Budget back in black — and the white blindfold

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Budget 2019-2020 makes a lot more sense when interpreted in the light of Scott Morrison's first speech. Like most first speeches, it's about how his personal values manifest in his political actions. And what those values expose about the current prime minister's understanding of Australian history is quite telling.

Treasurer Josh Frydenberg is congratulated by Prime Minister Scott Morrison after delivering the budget in the House of Representatives. (Photo by Tracey Nearmy/Getty Images)'Australia is a strong nation,' said Morrison in that 2008 speech. 'It is the product of more than 200 years of sacrifice — most significantly by those who have served in our defence forces ...' More than 200 years? Most significantly?

Most significant to the government's recent cultural commitments has been the record-breaking half a billion dollars for the Australian War Memorial, at a time when no such investment is necessary and no monuments exist to the frontier wars that violently dispossessed Australia's First Nations.

Following widespread outcry from veterans, budget 2019-2020 has now committed around half that amount — $278 million — towards improve the wellbeing of veterans and their families. Elsewhere in the budget papers we find a much smaller amount — the already committed $85 million — towards an Aboriginal Art and Cultures Gallery in Adelaide as part of its City Deal.

How does the prime minister understand our contemporary responsibility to First Nations sovereignty and culture? And how is this articulated in the budget? Let's go back to that first speech.

Throughout the speech, Morrison contrasts First Nations people and culture with 'modern Australia' and 'the modern world'. The dispossession of a land whose sovereignty has never been ceded is described as the 'arrival' of that 'modern world' and its violence is dismissed as 'inevitable'. For our prime minister, this was simply the 'inevitable clash of cultures that came with the arrival of the modern world' and therefore not comparable to the 'sacrifices' made by defence force personnel.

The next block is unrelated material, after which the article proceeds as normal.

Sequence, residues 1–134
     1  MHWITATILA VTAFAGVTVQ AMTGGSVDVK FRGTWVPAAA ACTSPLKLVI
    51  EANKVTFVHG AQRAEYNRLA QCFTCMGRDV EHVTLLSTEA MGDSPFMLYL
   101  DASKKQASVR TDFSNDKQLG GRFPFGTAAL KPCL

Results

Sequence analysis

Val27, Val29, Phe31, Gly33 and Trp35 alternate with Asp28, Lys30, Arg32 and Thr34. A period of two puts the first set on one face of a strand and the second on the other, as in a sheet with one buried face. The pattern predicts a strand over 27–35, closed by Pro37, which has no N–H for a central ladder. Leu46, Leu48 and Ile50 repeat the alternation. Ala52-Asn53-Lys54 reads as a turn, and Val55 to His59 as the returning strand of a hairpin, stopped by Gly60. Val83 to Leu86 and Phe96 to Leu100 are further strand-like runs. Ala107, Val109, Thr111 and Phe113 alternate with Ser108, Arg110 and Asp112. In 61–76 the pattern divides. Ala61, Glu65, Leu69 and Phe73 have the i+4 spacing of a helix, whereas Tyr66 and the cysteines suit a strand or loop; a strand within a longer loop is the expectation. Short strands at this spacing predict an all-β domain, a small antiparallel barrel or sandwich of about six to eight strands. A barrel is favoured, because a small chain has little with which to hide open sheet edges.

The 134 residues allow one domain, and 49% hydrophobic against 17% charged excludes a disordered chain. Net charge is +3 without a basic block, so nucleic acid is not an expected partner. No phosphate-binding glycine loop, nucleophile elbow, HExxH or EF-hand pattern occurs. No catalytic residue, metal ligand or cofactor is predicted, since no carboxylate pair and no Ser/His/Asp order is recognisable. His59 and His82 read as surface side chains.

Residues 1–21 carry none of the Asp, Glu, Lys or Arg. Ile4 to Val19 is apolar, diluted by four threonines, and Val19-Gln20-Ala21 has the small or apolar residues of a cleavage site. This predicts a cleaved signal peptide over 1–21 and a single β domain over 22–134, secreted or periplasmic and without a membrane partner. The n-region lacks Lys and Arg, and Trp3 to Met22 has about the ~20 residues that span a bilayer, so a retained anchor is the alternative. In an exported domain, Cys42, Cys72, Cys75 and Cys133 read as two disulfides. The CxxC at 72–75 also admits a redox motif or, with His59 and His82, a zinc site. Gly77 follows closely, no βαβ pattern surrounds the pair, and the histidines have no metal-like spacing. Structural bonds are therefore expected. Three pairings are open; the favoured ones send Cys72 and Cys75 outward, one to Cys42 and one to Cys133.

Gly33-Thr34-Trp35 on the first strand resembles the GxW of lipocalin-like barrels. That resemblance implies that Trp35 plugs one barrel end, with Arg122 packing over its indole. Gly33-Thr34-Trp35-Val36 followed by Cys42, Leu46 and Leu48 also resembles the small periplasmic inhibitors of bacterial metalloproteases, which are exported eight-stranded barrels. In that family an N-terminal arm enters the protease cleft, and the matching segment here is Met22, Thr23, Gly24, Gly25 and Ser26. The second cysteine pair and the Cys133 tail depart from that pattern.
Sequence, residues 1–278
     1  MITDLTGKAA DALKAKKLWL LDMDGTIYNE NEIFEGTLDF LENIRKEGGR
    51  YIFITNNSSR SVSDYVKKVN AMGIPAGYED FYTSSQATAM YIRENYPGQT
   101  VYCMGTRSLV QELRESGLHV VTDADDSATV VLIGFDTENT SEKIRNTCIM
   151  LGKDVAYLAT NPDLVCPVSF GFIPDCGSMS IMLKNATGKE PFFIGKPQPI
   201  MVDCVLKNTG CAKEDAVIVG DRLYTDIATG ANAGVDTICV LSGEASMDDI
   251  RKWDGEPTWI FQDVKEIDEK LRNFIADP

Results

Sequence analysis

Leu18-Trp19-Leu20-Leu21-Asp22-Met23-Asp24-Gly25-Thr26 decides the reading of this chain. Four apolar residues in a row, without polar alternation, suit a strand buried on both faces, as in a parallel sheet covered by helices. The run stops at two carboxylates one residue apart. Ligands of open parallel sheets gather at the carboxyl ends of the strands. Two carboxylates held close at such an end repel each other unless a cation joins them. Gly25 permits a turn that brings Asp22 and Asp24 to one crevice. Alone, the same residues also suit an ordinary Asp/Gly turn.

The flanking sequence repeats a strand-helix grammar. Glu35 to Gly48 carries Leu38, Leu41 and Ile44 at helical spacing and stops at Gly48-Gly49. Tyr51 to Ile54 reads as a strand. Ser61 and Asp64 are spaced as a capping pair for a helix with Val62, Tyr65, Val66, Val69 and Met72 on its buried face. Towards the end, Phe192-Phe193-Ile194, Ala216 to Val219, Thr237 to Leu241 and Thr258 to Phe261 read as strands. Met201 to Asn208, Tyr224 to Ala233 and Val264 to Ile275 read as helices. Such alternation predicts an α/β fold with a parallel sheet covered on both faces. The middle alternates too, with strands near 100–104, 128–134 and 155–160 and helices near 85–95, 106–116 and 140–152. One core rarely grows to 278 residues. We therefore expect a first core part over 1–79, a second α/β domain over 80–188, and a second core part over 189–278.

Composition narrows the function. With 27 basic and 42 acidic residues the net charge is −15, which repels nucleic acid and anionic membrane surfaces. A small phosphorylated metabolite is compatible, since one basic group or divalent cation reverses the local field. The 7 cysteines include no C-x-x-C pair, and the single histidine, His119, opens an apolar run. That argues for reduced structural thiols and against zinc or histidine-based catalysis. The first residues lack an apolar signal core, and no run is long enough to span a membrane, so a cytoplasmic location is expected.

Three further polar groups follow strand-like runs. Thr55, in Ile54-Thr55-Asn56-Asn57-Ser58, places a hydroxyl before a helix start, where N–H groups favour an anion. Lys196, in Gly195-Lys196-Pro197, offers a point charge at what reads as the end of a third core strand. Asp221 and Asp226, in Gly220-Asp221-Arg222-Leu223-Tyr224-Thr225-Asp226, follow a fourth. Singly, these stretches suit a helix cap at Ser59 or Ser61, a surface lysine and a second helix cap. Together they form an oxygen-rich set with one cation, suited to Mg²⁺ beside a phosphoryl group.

Setting that 'modern world' apart from First Nations displays no understanding of the world's oldest continuing culture. What about its future? 'The government remains committed to the process of constitutional recognition for Aboriginal and Torres Strait Islander Peoples,' the budget papers tell us, and $7.3 million is committed for 2019-20 only to fund 'the co-design of options for a Voice to Parliament for Aboriginal and Torres Strait Islander peoples'. The papers also make the commitment to 'conduct a referendum once a model has been settled'.

 

"You can't give a voice while denying histories. You can't give a voice without listening. And you certainly can't give a voice that was never yours to give in the first place."

 

The term 'co-design' is key. Rather than funding a respectfully self-determined approach that's First Nations led, the government is committing only to 'engagement and consultation' with organisations and communities across Australia. And while the budget papers claim this approach is consistent with one of the recommendations of the Joint Select Committee on Constitutional Recognition Relating to Aboriginal and Torres Strait Islander Peoples, the other recommendations advocate truth-telling and the establishment of a Final Resting Place in Canberra.

Engagement and consultation are complex words, full of the kinds of ambiguities that can preclude real commitment. Budgets make commitments by documenting future investments. Seeing no amount budgeted for that future referendum across any of the budget's four-year projections does not inspire confidence in that commitment to constitution recognition.

When, after countless hours of rigorous discussion, hundreds of Elders present a Statement from the Heart to the prime minister, and that person dismisses it, what's needed next is not more engagement and consultation. Especially when that gesture is received as more than just dismissive and more like an attack.

The next government has not only opportunity but also the weight of responsibility to act. This will mean speaking a language that doesn't descend into buzzwords, but that listens with respect. You can't give a voice while denying histories. You can't give a voice without listening. And you certainly can't give a voice that was never yours to give in the first place.